Size of Sample and Amount of NaOH with Methanol.

For samples in methanol with NaOH, there were at least two values of yield for the four combinations with sample mass (1 g and 5 g) and amount of sodium hydroxide (0.125 g and 0.250 g). This allows a two-factor model with interactions generated by the effect of each factor individually.

None of the combinations of sample masses and amount of sodium hydroxide had a statistically significant effect on mean LA yield. (F=0.37, P-value=0.7768).

Treatment combinations not connected by the same letter are significantly different. Table 2-8 shows that all other combinations are not significantly different from each other. The individual factors can also be evaluated. The size of the sample is not statistically significant (F=0.44, P-value=0.5370). The amount of NaOH is not statistically significant (F=0.06, P-value=0.8173). The interaction between size of sample and amount of NaOH is not statistically significant (F=0.47, P-value=0.7721).

TABLE 2-8
Tabulated data of combinations of PLA mass (1 g and 5 g) and
sodium hydroxide catalysts mass (0.25 g and 0.5 g) on the statistical
difference of LA yield. The statistical difference in treatment
is indicated by differing letters (A, B, and C).
Treatment CombinationMean Yield
1 g, 0.125 gA98.800
1 g, 0.250 gA99.467
5 g, 0.125 gA98.970
5 g, 0.250 gA99.570

2.7 Validation of Finite Element Analysis Modeling with Particle Image Velocimetry (PIV).

The FEA models were validated by comparing the predicted fields with measured velocity fields. The velocity field was measured using a laser illuminated tracking technique with natural buoyancy particles (TiO2) with a diameter of 1 μm. It was assumed that the beads had insignificant inertia and that their velocity would correspond to the water velocity. The images of the illuminated particles were captured with a CCD and the sequential images processed with a proprietary software package. Based on spatial locations of the particles from frame to frame the software calculated the velocities of the particles. These velocities were then plotted as contour plots. FIG. 29 shows the contour plot and a single frame of the images recorded for the ultrasonic amplitude of 13 μmp-p. These experiments were conducted for several seconds at three ultrasonic amplitudes: 7, 13, and 19 μm. FIG. 30 shows the contour plot of velocities predicted by FEA analysis.

While the maximum velocities are in agreement, the velocity fields are not. For example, in the experimental velocity fields, the maximum velocity contour map forms an inverter “cone”-shaped field below the horn. However, in the model, this maximum field has a “bowl” shape below the horn at a relatively large distance. It is believed that this is because water is assumed to be incompressible, while at the accelerations observed (1000 g), water is compressible.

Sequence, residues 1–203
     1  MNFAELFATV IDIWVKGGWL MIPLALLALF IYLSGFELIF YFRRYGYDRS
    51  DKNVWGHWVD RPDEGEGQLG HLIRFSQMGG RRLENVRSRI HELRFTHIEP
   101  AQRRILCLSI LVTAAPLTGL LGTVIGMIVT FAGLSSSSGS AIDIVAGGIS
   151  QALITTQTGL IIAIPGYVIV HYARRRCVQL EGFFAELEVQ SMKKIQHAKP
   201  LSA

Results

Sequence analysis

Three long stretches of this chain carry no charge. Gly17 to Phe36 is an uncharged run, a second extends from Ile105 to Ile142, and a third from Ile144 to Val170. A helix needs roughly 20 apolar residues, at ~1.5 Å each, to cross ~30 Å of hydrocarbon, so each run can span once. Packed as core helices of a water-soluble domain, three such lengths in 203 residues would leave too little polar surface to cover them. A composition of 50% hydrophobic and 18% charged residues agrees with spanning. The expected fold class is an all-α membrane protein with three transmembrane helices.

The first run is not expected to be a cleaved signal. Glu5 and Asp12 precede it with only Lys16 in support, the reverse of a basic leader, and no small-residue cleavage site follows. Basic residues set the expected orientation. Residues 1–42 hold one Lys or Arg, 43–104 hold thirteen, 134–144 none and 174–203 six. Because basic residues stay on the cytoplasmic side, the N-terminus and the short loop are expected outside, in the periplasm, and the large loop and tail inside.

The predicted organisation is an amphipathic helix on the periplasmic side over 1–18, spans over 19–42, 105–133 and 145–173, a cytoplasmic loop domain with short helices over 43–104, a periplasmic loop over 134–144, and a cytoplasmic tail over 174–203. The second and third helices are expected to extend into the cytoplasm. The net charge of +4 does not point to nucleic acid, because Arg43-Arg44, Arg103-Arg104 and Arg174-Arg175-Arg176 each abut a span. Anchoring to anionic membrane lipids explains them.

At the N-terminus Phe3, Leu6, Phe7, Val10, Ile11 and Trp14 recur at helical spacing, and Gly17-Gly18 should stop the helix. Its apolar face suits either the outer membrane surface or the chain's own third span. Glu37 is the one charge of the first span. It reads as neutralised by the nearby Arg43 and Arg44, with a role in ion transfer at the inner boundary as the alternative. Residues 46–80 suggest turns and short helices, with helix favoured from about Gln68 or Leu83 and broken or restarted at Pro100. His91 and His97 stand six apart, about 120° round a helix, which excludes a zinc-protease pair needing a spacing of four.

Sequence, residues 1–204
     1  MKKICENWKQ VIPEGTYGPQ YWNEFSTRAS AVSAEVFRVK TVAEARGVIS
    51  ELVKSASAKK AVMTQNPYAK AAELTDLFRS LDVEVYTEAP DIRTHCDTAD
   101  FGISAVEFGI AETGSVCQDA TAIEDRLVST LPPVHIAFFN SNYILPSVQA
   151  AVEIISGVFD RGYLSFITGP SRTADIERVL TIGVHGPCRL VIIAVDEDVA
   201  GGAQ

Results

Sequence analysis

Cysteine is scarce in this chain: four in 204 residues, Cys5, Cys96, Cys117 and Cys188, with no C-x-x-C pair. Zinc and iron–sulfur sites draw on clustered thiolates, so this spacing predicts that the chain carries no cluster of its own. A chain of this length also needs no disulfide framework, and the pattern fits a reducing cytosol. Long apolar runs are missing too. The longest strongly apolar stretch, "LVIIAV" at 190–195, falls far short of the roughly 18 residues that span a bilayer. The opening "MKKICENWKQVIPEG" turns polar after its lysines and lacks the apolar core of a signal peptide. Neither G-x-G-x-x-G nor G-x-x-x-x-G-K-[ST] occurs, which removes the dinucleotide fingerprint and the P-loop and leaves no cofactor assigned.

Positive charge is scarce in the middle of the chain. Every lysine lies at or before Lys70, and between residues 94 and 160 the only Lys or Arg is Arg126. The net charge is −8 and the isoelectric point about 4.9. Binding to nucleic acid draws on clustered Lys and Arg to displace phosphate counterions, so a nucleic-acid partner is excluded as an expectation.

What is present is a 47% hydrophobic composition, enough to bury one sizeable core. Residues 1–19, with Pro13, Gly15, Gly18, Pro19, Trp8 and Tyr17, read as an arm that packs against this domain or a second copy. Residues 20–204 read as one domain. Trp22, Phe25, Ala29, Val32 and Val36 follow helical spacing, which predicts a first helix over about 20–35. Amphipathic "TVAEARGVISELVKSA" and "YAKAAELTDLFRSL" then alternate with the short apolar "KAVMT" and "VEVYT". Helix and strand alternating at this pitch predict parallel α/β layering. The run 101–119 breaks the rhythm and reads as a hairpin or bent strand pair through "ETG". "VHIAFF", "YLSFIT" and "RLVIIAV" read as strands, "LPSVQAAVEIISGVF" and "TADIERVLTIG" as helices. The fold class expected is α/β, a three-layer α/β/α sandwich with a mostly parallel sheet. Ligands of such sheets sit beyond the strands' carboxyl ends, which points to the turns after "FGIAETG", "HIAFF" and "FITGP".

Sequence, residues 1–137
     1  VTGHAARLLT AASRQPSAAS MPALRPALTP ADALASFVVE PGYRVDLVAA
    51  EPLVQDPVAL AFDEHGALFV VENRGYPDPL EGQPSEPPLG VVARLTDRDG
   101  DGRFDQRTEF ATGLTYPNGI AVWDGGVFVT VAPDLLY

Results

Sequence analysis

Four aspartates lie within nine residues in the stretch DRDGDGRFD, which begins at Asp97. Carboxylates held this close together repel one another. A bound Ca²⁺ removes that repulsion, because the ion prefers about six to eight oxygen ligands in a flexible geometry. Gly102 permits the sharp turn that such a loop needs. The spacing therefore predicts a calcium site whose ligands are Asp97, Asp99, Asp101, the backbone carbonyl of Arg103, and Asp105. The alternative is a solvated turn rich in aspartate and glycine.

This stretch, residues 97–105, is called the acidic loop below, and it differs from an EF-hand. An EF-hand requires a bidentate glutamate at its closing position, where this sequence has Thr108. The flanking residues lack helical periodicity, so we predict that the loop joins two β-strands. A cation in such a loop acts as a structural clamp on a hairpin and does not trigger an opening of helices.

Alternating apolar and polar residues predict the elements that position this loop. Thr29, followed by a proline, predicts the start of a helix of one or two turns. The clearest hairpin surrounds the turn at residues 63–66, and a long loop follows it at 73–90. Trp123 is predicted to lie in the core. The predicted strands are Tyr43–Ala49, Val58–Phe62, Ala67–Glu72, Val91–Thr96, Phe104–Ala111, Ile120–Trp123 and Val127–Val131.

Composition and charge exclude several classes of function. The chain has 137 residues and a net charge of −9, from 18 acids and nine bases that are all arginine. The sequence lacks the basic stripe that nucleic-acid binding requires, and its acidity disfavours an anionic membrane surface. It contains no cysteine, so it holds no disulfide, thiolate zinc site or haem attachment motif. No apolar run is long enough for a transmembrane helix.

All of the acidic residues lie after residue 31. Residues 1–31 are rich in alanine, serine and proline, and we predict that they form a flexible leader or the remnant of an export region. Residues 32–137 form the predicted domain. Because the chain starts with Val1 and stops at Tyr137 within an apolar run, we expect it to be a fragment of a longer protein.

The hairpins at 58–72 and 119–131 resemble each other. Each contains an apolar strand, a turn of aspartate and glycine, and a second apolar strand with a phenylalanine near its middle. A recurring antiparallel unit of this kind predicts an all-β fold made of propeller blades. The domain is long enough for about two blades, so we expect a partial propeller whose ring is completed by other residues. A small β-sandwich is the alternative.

The flow patterns as observed from both PIV analysis and Ansys FEA model are in concurrence with near-field and far-field effects of ultrasound diffraction. A classical explanation of these effects for a circular disc source is as depicted in FIG. 30.

The ultrasound follows a cylindrical beam shape with the similar cross-sectional geometry as the vibration source within the near field region. It should be noted that the pressure is uniform in the near field region of the medium. The length over which near field effects prevail can be determined based on the Rayleigh distance. In the far field region, constructive and destructive interference lead to maximum intensities (toward center) and near zero intensity regions. In the far field region, the pressure difference caused by ultrasound interference results in turbulence and mixing in the medium. The Rayleigh distance for the ultrasonic source is determined from the Eq. 13 (University of South Hampton, UK, “Fundamentals of Ultrasonic wave propagation”, Humphrey V (2011)) where ‘a’ is the radius of circular horn face (19.5 mm) and λ (74.2 mm) is the wave length of the ultrasound in a water medium (speed of sound in water cwater=1484 m/s):


R=πa2λ [Eq. 13]

Utilizing previously mentioned values, the distance R is calculated to be 16 mm and this is shorter than 25 mm, the average distance between the ultrasonic horn surface and bottom of the treatment beaker. The Rayleigh distance and velocity vector contour plots from PIV indicate that both near and far field effects exists during the ultrasonic treatment in the utilized treatment vessel (150 mL beaker). Further change in vessel geometry for ultrasonic treatment will alter the final effects. However, because strong mixing of the chips was visually observed, it was assumed that the PLA was uniformly treated.

2.8 Energy and Conversion Efficiency.

Polylactic acid as an alternative for petroleum plastics has a heating value of only 19 MJ/kg (“Life Cycle Inventory of Five Products Produced From Polylactide (PLA) and Petroleum-Based Resins” Technical Report; (http://www.athenasmi.ca/projects/docs/Plastic_Products_LCA_Technical_Rpt.pdf) (visited Jun. 10, 2011); Cornelissen et al., Pg 1031, “Flash co-pyrolysis of biomass with polylactic acid. Part 1: Influence on bio-oil yield and heating value”, Fuel, Volume 87, Issue 7, June 2008). The energy consumption for production of PLA is 82.5 MJ/kg, of which 54 MJ/kg (Vinka et al. Pg 403, “Applications of life cycle assessment to NatureWorks™ polylactide (PLA) production”, Polymer Degradation and Stability 80 (2003)) is derived from fossil fuel and the balance is from corn and its cultivation, which considered bio-renewable energy. Considering these energy values, it can be seen that energy recovery as low as 25% can be achieved by incineration of PLA. Though composting is considered an effective route, the production of new PLA will effect further consumption of fossil energy (54 MJ/kg of PLA) and result in additional greenhouse gas (GHG) emissions.